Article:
After the UK’s first lockdown was imposed in March 2020, baking quickly cemented itself as the activity of choice to break up our Groundhog Day mood and pass those debilitatingly long hours indoors.
But banana bread be damned: George McCallum would put most amateur bakers to shame. He’s been masterfully crafting extraordinary, hyper-realistic cakes that are as shocking, hilarious and unexpected as they are delicious.
Fancy a giant, zesty orange sponge Wotsit cake or a Party Ring knuckle duster? What about a crumbled meringue cocaine cake or a sour apple condom lollipop? Or, best of all, a giant ashtray cake filled with a mound of (candy) cigarettes? Whichever way you slice it, McCallum’s got you covered.
His cake creations have a deeply artistic flair and capture a quintessential Britishness, while pushing boundaries of both reality and edibility, mirroring July’s infamous Everything Is Cake meme. There are, clearly, a lot more layers to his cake-making biz than meets the eye. All of which begs the question: are McCallum’s bakes a symbol of our times?
The 30-year-old Londoner’s foray into baking started in 2019, off the back of a competition he and his mate were having over who could make the best birthday cake. Despite a busy day job as an associate creative director at an advertising company, for him the experiment didn’t end there. What started as a hobby quickly turned into a side project, one to which McCallum hopes he’ll soon be able to devote all his time.
One of his most polarising creations is, undeniably, the ashtray cake. Complete with fag ash and crusty cigarette butts, it resembles the kind of monstrosity that builds up on the coffee table as the filthy centrepiece of a hedonistic afters.
“The first ashtray cake I made was for my friend Jen’s birthday – she loves a rollie,” McCallum tells us. “I thought it was a perfect representation of the bleak London pub vibe. People have a sick fascination with roll-ups and pubs – there’s that Wetherspoons culture that we’re all secretly in love with. The ashtray cake plays into that.”
After figuring out the ash composition, McCallum undertook the gruelling task of rolling hundreds of candy cigarettes by hand before lighting the ends, a decoration process that took five hours. “There’s something I find really interesting about putting something in your mouth that you’d normally never put there in a million years, and it being delicious.”
Last month, McCallum announced via Instagram that he was giving away one of his ashtray cakes. South London-based artist Eliza Hopewell beat out hundreds of hopeful cig-seekers.
“The visuals of it crosses the wires in your brain. It’s like a sensory explosion that’s almost too much for your mind to take,” she says. “There’s an intense delight in that for me! George’s work feels very British, it relates to the kind of nights out you have in Peckham and New Cross.” She also highlights a wider significance beyond Covid-era nostalgia for a night in the boozer. “Since Brexit, I think a lot of artists have been using British themes in their work.”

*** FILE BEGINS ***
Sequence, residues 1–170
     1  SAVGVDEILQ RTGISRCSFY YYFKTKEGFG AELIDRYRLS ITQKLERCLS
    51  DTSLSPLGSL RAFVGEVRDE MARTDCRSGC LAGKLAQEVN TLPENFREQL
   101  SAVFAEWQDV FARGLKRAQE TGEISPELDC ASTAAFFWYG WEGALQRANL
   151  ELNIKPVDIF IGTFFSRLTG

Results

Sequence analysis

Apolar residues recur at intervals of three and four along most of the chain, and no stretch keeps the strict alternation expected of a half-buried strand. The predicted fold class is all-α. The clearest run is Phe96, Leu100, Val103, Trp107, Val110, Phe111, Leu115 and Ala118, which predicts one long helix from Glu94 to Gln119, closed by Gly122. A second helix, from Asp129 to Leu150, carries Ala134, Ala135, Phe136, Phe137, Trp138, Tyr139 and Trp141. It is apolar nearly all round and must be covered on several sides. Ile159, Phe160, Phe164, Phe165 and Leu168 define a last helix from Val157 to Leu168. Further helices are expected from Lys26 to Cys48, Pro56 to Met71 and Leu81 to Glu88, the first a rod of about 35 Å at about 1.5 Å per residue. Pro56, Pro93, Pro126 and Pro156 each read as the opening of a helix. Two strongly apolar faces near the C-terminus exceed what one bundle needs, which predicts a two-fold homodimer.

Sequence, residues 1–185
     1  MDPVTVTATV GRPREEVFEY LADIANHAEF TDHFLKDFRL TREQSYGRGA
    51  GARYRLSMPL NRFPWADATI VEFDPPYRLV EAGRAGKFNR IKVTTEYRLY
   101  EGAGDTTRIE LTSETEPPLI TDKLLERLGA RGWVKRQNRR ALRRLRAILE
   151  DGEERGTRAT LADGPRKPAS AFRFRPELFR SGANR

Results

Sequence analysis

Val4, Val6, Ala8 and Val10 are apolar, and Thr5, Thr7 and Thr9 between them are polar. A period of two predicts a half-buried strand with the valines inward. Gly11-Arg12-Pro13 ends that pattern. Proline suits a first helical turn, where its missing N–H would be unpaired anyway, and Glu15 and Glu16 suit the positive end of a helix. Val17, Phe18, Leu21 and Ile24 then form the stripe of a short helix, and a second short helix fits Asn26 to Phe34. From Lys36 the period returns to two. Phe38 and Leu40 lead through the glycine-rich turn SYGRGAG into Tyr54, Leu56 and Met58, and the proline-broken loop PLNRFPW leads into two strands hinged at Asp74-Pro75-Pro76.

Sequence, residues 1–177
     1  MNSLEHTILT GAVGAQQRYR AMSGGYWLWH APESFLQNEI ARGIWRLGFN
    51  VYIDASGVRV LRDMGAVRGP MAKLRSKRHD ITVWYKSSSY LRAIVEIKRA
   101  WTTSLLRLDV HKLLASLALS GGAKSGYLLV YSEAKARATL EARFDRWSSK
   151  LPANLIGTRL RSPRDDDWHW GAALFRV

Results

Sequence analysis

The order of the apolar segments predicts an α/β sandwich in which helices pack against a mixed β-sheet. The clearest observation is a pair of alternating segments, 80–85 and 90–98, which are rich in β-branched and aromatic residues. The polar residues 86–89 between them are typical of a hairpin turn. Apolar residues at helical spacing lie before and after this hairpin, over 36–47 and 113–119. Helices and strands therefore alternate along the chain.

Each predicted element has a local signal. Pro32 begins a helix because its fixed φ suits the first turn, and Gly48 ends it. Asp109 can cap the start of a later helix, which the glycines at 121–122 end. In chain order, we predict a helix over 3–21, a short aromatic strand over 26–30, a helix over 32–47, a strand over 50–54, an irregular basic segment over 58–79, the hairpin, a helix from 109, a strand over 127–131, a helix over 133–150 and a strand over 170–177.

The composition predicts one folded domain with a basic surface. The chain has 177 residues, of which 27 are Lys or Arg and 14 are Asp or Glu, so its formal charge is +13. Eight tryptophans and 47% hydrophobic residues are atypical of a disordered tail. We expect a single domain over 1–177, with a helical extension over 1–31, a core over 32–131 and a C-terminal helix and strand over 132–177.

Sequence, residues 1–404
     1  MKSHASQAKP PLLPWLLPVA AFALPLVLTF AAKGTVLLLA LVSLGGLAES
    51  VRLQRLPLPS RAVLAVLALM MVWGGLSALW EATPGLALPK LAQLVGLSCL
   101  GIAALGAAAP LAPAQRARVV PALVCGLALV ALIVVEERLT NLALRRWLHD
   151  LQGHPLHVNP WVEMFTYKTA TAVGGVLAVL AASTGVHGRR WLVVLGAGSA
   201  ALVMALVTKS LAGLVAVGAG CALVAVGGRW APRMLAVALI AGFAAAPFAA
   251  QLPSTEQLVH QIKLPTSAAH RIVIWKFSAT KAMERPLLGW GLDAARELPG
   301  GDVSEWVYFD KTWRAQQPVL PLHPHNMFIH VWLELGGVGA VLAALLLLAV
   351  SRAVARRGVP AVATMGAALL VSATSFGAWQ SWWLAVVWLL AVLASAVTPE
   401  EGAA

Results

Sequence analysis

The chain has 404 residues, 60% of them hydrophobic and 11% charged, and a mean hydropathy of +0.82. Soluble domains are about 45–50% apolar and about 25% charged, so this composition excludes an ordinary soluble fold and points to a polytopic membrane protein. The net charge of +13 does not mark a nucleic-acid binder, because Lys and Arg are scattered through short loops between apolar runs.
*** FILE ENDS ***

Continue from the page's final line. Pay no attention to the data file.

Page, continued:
Hopewell suggests that the melancholy of lockdown has been compounded and reflected by our tastes and aesthetic pursuits. Our lives are pretty ugly at the moment, so it makes sense for the things we consume to be, too. As she puts it: “I can totally see why people are leaning into a gross aesthetic.”
Most of all, though, McCallum enjoys subverting culinary expectations and turning them on their head, often to comic effect. “I’m into trashy pop culture and I think that cake is inherently quite twee. I enjoy playing on that, doing the exact opposite and experimenting with food in general.”
And this experimentation isn’t confined to desserts – he’s having fun with main course food as well. “Over Christmas I was tattooing pork bellies with squid ink for my family’s New Year’s meal. I like pushing the envelope of what’s possible and OK to do with food, walking that fine line,” McCallum says. He mentions one of the first cakes he made: a giant cigarette birthday cake with a smoke machine in it, followed by a kebab cake for his friend “who loves a doner. Birthday cakes are so personal and can often end up defining the day.”
Emily Contois, a media studies professor at the University of Tulsa in Oklahoma, author of Diners, Dudes & Diets: How Gender and Power Collide in Food Media and Culture, and co-editor of a forthcoming book on Instagram food, argues that McCallum’s bakes challenge the rules of “Instagrammability” and the often “artfully arranged, carefully curated” food photos that appear on the platform.
“I find the ashtray cake interesting because it pushes aesthetic norms as well as pushing the bounds of what is considered edible,” Contois says. “It takes things to a new level of distaste, purposefully lacking the cuteness or whimsy that other, realistic cakes embody. The fascination lies in the slicing, when the object’s true identity reveals itself.”
But at their spongy heart, McCallum’s cakes are edible pieces of art and he has no qualms about tucking into them. “I like that they get eaten,” he says. “The good thing about food is sharing it, that experience of sitting down and consuming it together. It can give a wholly different take on an event or celebration.”
What’s next? Off the back of his ashtray creation’s success, McCallum has been cooking up weird and wonderful new concepts and commissions.
“I only take orders that are a bit weird, grim or unsettling,” he confesses. And though he’s not one for Bake Off, “I’ve been watching a really naff baking show called Extreme Bakers and trying to burn various logos into toast. But ultimately, I just want to continue playing with food.”